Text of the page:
The heart of this great nation is under stress

I used to take kickboxing lessons four days a week, and let me tell you, I learned how to throw a mean punch. My kicking game was strong too. It is often said that thick thighs save lives, but strong ones will take you out, no jokes.

For the first time in many years, I, the endomorph, gained some muscle definition. If you don’t know, an endomorph is a person whose body is soft and round with a high proportion of fat tissue.

So yeah, thanks mum, dad and the entire Luhya nation for that legacy. But thanks to boxing, I’m a ‘stronger’ person.

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 Well, I was for a moment of time before Christmas 2018 when holidays rolled into town with their endless supply of sugar, fat, and calories. That’s when I fell out of the ring and morphed into ‘msichana fupi round’.

But, you know what? I was fine with it because I knew how to reverse the damage.

I wish I had the same confidence about the state of our nation. The people who occupy various positions of leadership in Kenya have been on a binge for years, but we’re only now realising they are morbidly obese.

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And because we’re the organs that keep the body of government alive, we will continue to suffer by association. The heart of this nation is under severe stress trying to pump blood through arteries that are clogged by excess. Yet the body continues to eat.

Recurring push

I will put aside the indignities that we endure to access public services for one moment—and the manner in which our wellbeing is callously shoved to the side when there is money to be made—and focus on the attitude of the people in power.

The disrespect is thick. How else do you explain the recurring push to raise MP salaries, or the lukewarm, half-baked justification for taking food out of the mouths of ‘ordinary citizen’ to sustain a ridiculously high-calorie lifestyle?

How do you explain the proposed constitutional amendments just to create room for more gluttons in the power structure? Never mind that the document is viewed more as a series of suggestions than a supreme law.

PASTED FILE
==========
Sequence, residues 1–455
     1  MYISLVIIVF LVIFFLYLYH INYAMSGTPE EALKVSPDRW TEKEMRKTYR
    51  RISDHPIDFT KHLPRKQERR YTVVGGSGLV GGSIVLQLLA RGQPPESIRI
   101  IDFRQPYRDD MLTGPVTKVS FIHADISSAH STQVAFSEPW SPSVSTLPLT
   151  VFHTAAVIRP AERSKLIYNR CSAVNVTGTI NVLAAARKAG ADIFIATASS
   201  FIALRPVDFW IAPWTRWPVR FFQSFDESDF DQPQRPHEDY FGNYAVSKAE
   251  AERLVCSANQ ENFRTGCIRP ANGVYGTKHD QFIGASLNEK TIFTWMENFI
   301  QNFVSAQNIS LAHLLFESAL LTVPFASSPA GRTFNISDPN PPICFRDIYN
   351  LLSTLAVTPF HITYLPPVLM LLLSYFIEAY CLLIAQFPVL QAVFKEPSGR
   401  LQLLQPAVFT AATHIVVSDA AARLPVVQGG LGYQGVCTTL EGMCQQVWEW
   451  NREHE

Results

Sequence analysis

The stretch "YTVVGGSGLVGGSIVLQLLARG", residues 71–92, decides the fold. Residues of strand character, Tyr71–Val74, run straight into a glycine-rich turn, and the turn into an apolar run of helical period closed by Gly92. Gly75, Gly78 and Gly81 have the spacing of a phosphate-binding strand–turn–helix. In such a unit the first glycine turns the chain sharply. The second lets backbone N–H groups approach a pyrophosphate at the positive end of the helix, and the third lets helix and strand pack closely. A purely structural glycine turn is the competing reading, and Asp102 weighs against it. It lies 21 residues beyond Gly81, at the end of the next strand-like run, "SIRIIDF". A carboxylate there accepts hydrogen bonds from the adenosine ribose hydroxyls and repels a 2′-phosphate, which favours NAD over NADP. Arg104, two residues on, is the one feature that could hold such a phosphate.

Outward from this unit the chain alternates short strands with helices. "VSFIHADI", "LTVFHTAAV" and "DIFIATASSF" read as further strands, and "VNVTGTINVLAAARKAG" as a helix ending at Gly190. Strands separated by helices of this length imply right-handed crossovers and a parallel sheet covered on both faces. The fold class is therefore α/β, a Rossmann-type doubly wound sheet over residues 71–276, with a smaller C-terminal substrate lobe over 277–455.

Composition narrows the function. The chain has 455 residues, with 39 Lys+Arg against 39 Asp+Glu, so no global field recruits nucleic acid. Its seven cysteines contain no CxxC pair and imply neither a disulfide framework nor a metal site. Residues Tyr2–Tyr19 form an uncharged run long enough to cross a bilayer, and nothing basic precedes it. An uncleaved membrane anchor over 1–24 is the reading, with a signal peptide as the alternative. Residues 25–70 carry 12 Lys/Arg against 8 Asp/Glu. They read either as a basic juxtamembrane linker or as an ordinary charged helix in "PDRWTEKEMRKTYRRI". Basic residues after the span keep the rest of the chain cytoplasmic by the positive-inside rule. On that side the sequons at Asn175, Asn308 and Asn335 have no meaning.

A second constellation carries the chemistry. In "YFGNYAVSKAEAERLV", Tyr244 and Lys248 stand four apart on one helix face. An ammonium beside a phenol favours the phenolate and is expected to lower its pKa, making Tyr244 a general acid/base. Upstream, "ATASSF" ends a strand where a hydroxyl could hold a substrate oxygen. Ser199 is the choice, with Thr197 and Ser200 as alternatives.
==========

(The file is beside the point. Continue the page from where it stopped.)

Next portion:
How do you explain our de facto one-party state dispensation, or the Huduma Namba shenanigans?

It’s pure, unadulterated greed; that is what it is. And such great lust for the trappings of power that it means nothing to trample on an entire nation to achieve them.

The need to gorge on resources is too great. Any doctor would recommend radical gastric surgery to bring patient #254 back from the brink. The patient is walking around as if everything is fine but you never know when that next mouthful will tip the scale and trigger complete organ failure.

Various productions

Meanwhile, we remain fascinated with the words that proceed from the mouths of the obese. I recently watched a television host slug it out with a politician for more than an hour of live television.

The interview was tagged as exclusive but really, it was nothing that we haven’t heard before from the man in question.

We’ve played that record before, been to that play a few times, and even streamed that movie on a loop for months. Yet, broadcasters continue to provide a stage for the various productions within the predictable realm of political theatre.

One wonders for whose benefit the plays are staged because it’s certainly not for the viewing public.

When it comes to watching to the telenovelas in political circles, I fell out of the ring a long time ago. Talk is dirt cheap in this country and there is literally no value in giving folks a platform to spew the same old time after time.

We all know how the story ends. How words are caressed to seduce audiences to believe that relief is coming. It is tiring and repetitive. There must be a better way to hold leaders to account, if that is indeed the intention.

So yeah, last year just before Christmas I hang up my boxing gloves, and this year I put on my CrossFit trainers. This soft, round body of mine needs to get some manners.

My friend, I can’t be cat walking around with excess fat on my bones. It’s not a good look. Not for me, and not for the country. We need to shift some of our extra weight, and bring in a fresh crop of people.

People with the muscle to do the heavy lifting it will take to put Kenya back on track to health, wealth, prosperity and sustainable development for all.

Ms Masiga is Peace and Security Editor, The Conversation Africa

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